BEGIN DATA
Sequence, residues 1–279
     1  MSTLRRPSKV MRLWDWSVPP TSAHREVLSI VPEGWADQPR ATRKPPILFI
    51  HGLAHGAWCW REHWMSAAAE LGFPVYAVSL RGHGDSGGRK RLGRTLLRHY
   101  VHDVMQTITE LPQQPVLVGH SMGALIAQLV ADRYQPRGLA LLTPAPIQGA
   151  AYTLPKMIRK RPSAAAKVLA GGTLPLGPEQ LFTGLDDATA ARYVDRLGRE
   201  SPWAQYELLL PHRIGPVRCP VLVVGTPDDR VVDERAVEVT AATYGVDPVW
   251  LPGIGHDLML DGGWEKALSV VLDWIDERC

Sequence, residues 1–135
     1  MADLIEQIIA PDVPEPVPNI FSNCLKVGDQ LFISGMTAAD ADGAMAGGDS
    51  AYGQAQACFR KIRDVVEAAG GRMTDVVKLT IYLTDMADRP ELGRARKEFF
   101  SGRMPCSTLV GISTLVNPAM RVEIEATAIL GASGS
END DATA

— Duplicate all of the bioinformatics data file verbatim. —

Sequence, residues 1–279
     1  MSTLRRPSKV MRLWDWSVPP TSAHREVLSI VPEGWADQPR ATRKPPILFI
    51  HGLAHGAWCW REHWMSAAAE LGFPVYAVSL RGHGDSGGRK RLGRTLLRHY
   101  VHDVMQTITE LPQQPVLVGH SMGALIAQLV ADRYQPRGLA LLTPAPIQGA
   151  AYTLPKMIRK RPSAAAKVLA GGTLPLGPEQ LFTGLDDATA ARYVDRLGRE
   201  SPWAQYELLL PHRIGPVRCP VLVVGTPDDR VVDERAVEVT AATYGVDPVW
   251  LPGIGHDLML DGGWEKALSV VLDWIDERC

Sequence, residues 1–135
     1  MADLIEQIIA PDVPEPVPNI FSNCLKVGDQ LFISGMTAAD ADGAMAGGDS
    51  AYGQAQACFR KIRDVVEAAG GRMTDVVKLT IYLTDMADRP ELGRARKEFF
   101  SGRMPCSTLV GISTLVNPAM RVEIEATAIL GASGS